• Stevan Ridley continued his fine run, producing his third 100-yard rushing day and fourth TD of '12 with a career-high 151 rush yards. By comparison, Brandon Bolden had 14 carries for 54 yards, Danny Woodhead had eight touches for 72 yards and Shane Vereen vultured a short TD on his only carry of the day. All this should be good news for Ridley, and it would be, except with New England trying to kill the clock in Denver territory up 10 in the fourth quarter, Ridley lost a fumble. It was his second straight game with a fumble (Week 4's came at the very end of a blowout and the ball went out of bounds), and his ball security issues were what got Ridley excommunicated during the Patriots' playoff run last year. We have no way of knowing how Bill Belichick will react to this latest fumble, but Bolden did play the game's final series, while Ridley was nowhere to be found. The Pats get a tough Seahawks run defense in Week 6.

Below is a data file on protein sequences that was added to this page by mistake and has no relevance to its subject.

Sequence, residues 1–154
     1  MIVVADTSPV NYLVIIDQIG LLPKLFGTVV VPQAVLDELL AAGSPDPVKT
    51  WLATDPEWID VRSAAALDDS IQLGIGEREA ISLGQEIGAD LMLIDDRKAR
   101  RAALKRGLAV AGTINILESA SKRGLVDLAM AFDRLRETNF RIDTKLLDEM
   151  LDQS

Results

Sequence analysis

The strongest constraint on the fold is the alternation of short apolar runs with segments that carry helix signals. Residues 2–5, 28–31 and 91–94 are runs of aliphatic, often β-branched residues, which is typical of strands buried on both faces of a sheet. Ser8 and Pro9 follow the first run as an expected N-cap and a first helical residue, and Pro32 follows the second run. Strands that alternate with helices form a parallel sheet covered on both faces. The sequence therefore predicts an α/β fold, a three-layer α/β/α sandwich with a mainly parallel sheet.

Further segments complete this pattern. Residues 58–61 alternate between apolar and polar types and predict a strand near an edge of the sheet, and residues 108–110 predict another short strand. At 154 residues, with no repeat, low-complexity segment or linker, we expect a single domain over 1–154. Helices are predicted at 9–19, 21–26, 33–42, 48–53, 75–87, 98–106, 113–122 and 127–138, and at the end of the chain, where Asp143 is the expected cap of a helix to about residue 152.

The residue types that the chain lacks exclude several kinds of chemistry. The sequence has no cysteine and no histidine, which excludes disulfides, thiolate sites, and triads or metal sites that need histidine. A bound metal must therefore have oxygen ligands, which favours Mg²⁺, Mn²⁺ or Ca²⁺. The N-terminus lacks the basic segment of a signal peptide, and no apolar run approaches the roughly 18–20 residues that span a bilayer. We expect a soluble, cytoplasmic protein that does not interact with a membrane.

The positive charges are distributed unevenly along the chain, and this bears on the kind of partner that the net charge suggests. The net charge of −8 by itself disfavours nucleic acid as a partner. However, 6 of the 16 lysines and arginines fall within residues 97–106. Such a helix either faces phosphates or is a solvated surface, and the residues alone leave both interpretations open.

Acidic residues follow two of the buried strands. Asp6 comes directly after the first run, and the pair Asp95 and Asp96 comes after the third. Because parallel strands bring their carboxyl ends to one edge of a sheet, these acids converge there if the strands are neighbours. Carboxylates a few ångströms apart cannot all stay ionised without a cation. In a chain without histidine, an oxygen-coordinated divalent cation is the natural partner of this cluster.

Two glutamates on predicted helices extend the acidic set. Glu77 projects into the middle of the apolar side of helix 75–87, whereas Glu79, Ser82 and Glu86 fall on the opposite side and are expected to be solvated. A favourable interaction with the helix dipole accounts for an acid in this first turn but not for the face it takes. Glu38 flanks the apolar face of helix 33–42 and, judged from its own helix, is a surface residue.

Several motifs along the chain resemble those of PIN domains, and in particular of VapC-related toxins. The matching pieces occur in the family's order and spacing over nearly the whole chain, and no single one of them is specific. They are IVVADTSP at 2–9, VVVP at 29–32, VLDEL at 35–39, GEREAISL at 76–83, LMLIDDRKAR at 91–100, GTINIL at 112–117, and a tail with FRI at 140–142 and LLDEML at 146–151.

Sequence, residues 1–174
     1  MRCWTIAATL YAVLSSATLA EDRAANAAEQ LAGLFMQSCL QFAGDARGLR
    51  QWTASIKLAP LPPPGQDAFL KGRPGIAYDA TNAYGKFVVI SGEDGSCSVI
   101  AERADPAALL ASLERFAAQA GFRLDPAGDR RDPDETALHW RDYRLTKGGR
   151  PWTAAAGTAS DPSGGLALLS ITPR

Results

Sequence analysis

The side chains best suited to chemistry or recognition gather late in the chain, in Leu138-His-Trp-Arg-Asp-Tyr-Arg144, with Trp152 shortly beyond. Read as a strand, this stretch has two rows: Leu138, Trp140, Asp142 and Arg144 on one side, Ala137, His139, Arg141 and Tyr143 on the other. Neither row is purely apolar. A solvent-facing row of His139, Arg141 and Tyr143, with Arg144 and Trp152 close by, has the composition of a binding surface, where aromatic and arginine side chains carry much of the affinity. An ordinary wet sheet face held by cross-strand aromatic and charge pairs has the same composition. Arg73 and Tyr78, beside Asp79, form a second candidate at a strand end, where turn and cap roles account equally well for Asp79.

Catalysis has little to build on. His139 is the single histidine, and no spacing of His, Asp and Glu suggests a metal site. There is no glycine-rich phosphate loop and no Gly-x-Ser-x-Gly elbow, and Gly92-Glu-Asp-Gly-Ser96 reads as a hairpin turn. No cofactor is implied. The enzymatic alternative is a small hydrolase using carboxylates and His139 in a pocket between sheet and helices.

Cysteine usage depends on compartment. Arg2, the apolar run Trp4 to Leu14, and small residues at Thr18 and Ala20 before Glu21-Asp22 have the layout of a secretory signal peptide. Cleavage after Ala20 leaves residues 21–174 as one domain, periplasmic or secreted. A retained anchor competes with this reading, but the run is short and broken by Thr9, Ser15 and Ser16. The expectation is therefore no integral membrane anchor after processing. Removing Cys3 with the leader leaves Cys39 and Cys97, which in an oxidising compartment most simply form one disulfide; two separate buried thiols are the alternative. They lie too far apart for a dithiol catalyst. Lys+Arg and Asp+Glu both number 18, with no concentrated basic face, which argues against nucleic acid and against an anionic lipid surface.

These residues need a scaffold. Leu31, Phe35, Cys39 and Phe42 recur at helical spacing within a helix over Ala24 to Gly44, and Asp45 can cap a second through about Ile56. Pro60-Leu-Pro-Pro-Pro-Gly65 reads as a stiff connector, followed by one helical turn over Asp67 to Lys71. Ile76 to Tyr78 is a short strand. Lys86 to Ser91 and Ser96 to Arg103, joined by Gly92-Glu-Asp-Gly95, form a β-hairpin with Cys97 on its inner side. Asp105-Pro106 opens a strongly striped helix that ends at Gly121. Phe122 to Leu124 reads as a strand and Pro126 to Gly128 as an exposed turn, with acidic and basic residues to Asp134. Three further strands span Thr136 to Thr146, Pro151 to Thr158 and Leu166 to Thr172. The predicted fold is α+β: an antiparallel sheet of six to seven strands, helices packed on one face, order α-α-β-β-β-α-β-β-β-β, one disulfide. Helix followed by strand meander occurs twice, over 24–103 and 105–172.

• Finally, speaking of Patriots RBs (or former ones), BenJarvus Green-Ellis continued his disappearing act in a Week 6 loss to the Miami Dolphins. He had nine carries and 14 yards Sunday, and it wasn't merely a Chris Johnson-esque case of having nowhere to run. I saw times where the O-line created space, but BJGE has never had the burst necessary to take advantage of every crack and crevice. If you squinted hard in Week 5, you'd have thought you were watching Michael Turner, except Turner is three years older and 30 pounds heavier. Like Turner, the Law Firm always has a chance to score a short TD in any given week and salvage something for his fantasy owners. But my concerns this summer have thus far been realized: Green-Ellis is nobody's idea of a dynamic feature back. Unfortunately for the Cincinnati Bengals, Bernard Scott (who had five carries for 40 yards when he took over for BJGE on a late-first-quarter possession) reportedly suffered a serious knee injury that may be a torn ACL. Even-slower-than-the-Law-Firm Brian Leonard is now probably Cincy's backup, which means at least Green-Ellis has job security.